It's not about the tools, but how you use them and customize them to make them your own.
Today is my first day in the office this week, as the first two allowed for a dynamic range of visits that ran the gamut from medical equipment firms to a private label chocolate processor. No offense to the good people at the surgical device companies, but the tempting smells and allure of the subject matter (along with a couple of sweet samples that were so graciously provided) made the chocolate company portion of the trip a definite highlight of this sabbatical from the office environment.
However, despite what the headline might suggest, the ability to gorge myself on free chocolate during the three-hour drive home was not the greatest takeaway from this stop. Rather, it was what Richard Gordon, the president of Chocolate Potpourri, said to me about his approach to product flow and innovation.
At one point our conversation turned to how he deals with competing in a marketplace populated by a number of very large competitors. This dynamic, combined with current economic conditions, offers a number of inherent challenges – many with which I’m sure we can all commiserate. He indicated that despite their size, his company strives to be very progressive in the way they tackle these potential obstacles. In particular, he referenced his experiences with Six Sigma and Lean Manufacturing. This alone is far from new, but his manner of implementing what he was exposed to offered some great perspective, whether you’re making chocolate or embedding new micro-fuel cells.
“It’s not the tools that these strategies give you,” stated Gordon, “but the way you use them. You can’t copycat the Toyota Production System and expect it to work at your facility. That goes against what a continuous improvement strategy is all about. You need to take bits and pieces of what you learn and customize it for your facility and work environment.”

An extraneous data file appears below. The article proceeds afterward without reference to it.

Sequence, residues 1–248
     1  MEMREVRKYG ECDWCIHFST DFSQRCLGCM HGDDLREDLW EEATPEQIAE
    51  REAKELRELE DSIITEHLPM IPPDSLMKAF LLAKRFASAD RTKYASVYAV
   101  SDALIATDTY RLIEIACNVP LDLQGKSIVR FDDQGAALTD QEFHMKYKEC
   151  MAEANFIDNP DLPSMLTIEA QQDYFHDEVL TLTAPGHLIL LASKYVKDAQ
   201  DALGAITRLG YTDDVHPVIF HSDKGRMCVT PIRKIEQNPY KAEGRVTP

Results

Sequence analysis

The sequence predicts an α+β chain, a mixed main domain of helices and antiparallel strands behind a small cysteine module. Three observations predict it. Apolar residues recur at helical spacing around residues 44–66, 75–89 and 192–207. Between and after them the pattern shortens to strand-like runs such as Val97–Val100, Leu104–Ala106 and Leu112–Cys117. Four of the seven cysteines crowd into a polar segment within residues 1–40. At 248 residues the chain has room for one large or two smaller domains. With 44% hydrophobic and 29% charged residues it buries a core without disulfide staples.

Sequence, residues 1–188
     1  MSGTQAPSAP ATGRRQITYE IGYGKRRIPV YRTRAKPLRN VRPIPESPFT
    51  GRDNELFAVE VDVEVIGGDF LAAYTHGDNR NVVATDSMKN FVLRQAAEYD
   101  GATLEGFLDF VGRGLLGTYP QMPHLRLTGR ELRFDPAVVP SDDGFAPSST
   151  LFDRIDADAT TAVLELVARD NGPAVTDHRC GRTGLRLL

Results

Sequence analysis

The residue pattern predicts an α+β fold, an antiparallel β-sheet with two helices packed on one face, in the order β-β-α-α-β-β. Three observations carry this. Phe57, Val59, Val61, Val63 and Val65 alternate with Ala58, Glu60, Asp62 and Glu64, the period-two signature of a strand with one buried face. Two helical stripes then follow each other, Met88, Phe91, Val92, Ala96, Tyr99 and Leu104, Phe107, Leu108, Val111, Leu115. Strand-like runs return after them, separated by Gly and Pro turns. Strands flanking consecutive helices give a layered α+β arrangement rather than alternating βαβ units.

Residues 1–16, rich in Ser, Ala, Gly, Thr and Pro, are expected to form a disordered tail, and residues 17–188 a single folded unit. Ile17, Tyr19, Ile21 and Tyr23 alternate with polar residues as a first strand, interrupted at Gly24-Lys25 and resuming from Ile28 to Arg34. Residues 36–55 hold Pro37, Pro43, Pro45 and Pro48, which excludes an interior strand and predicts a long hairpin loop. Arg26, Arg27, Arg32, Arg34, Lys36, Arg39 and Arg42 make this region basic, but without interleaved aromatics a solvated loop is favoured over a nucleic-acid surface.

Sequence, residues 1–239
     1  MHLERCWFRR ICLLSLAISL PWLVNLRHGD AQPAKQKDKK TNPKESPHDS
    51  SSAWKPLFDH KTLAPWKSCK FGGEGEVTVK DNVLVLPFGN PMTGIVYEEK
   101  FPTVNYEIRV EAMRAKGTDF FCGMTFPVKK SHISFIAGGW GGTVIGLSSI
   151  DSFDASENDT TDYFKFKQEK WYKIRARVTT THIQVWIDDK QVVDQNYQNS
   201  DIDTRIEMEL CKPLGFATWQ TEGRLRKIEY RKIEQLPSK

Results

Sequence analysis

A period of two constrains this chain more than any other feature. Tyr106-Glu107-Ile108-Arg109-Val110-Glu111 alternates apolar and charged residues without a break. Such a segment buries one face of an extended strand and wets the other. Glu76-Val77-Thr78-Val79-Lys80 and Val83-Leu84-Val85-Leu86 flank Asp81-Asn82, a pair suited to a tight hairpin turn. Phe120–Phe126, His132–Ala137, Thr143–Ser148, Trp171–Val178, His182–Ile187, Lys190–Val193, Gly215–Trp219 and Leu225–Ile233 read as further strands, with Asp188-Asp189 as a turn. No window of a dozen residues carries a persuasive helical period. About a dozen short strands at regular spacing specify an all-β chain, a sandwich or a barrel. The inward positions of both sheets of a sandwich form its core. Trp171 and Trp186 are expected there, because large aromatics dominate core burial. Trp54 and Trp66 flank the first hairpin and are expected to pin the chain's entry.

Basically, it’s not about the tools, but how you use them. It was a mantra that was well impressed upon me throughout our time together. And while the size and scope of his operation is dramatically different from yours as a design engineer, his perspective on implementing best practices and striving for greater innovation underscores a common need.
The clichés regarding greater functional efficiencies, during both the design and production steps of product development, are well ingrained in our heads. We continue to embrace the charge of DFMA best practices and white papers. We acknowledge the potential impacts of Lean Design and an overall Six Sigma approach to our projects.
It’s easy to get on the bandwagon and laud their implementation. However, at the end of the day it’s not about what these practices can do, but how we make them our own in realizing what they will do.
The products that a company like Apple puts out are great. However, despite his success I don’t think Steve Jobs’ approach to product development is the right fit for every design engineering environment. That said, there are a number of principles, like Apple’s focus on innovation, ability to look beyond just the product in creating new markets around their products, and an overall drive to be first to market, that are worthy of closer looks.
We live in an age dominated by personalized consumer demands, regardless of whether we’re talking about specialized machining centers or customized iPhone apps. So in developing such offerings, I think it’s going to be more and more important to personalize the approach as well.